Within the security community there is wide agreement that perimeter-based security models are on their way out and identity-based models are in (see Figure 1). But getting there in a brown field environment is tough, especially for enterprises with large networks and tons of legacy applications. This is a journey where culture, as much as technology, has a role to play. Because whatever solution technologists propose to move their organizations from perimeter to identity, we need to understand that rip and replace is in many cases not an option. Unfortunately, when commercial vendors, market analysts, and inexperienced engineers talk about this shift as an “all or nothing” affair, they can actually make organizations hesitant to begin their journey. However, failing to undertake this journey comes with consequences.
What We See
Sole reliance on perimeter-based trust models will lead to more security breaches. We know this because almost every significant breach over the last 10 years can be traced back to the abuse of implicit trust inherit in perimeter-based security controls. As the perimeters continue to dissolve, we should expect more incidents of malicious actors using opensource tools like Mimikatz and Cobalt Strike to move laterally inside of corporate networks in an effort to steal sensitive information and, in some cases, even destroy enterprise infrastructure via ransomware attacks.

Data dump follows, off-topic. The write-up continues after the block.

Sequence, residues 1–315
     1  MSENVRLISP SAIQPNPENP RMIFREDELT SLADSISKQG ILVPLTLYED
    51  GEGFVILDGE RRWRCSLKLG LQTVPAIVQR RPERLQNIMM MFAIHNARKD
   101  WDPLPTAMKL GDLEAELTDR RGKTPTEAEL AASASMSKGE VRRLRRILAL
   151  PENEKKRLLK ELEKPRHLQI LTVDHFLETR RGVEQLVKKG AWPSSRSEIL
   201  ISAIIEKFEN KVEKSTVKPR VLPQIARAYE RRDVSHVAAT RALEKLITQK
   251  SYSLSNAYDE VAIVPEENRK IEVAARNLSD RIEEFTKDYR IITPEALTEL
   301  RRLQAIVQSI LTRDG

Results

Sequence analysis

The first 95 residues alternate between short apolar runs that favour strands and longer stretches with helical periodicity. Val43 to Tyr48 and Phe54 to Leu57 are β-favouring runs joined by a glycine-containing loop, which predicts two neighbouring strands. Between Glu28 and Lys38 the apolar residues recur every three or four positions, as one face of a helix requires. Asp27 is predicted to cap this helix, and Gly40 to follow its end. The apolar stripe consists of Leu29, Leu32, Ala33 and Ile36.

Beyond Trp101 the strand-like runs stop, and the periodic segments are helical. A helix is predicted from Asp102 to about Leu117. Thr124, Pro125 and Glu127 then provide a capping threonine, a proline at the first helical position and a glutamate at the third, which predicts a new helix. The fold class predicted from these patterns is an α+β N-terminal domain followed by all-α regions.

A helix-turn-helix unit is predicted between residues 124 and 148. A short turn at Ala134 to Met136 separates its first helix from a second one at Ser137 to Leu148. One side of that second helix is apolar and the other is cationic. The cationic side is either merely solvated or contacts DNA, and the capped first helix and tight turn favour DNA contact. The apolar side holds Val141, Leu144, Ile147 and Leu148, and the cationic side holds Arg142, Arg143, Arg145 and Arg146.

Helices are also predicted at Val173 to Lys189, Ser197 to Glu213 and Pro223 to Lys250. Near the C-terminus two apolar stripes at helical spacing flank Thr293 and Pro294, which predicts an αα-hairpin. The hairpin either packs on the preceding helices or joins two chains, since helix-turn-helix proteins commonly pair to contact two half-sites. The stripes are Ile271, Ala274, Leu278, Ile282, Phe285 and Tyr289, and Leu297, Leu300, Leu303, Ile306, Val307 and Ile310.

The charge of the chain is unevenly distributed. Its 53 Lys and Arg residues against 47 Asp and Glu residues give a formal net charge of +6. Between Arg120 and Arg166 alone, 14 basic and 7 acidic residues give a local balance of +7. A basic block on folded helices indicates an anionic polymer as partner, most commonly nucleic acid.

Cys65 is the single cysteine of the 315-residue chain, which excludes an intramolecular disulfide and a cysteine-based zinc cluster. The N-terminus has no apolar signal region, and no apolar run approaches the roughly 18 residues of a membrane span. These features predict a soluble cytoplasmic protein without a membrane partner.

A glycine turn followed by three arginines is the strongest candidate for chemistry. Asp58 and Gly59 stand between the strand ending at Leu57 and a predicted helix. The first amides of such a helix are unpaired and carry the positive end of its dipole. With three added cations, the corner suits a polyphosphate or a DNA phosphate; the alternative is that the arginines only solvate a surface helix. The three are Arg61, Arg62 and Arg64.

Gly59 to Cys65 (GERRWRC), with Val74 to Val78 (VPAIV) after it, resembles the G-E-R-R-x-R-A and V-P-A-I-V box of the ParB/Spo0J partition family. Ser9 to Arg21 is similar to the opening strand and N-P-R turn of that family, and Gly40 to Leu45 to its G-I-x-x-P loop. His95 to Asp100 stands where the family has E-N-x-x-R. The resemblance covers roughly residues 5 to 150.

Also troubling is insecure cloud migration accelerated by the pandemic driven by a workforce demanding access to data and services through SaaS platforms hosted in the public cloud. Figure 2 highlights this shift was well underway before COVID and continues at breakneck speed.
The left-hand side of Figure 2 shows a 25% year-over-year growth in cloud services by enterprise since 2013. The middle graphic forecasted that in 2019 enterprise use of public cloud would double by 2021. Now, in direct response to the pandemic lockdowns, we are seeing that nearly 60% of all enterprises are expected to increase their usage of the cloud beyond that doubling rate. We are truly in an era of re-platforming where enterprises that do not make the migration to cloud securely risk everything.
As enterprises are running to SaaS, we are seeing the increased usage of these platforms leaving legacy systems behind. Enterprise development teams are using the migration as an opportunity to change application architectures away from monolith to microservice approaches. From a network perspective, this means there are a lot more connections and for enterprises that seek to embrace the cloud, their identity and access management systems are going to become increasingly more complex and difficult to manage. As this ecosystem looks less like traditional on-prem infrastructure, the more we expect solutions to be geared towards solving the problems of this new ecosystem while innovative technology that supports bare metal, legacy infrastructure will start to fall by the wayside.
Given what we have seen with respect to breaches, shifting work models accelerated by the cloud, and enterprise adoption of SaaS, it becomes clear that the operating model of tomorrow is here today. Provided employees have broadband internet, use of a mobile device, and access to end-to-end encrypted collaboration apps, we will continue to see companies embrace a future where talent can work from anywhere. We believe the future belongs to those that are able to stitch together these technologies to realize the full potential of SAO: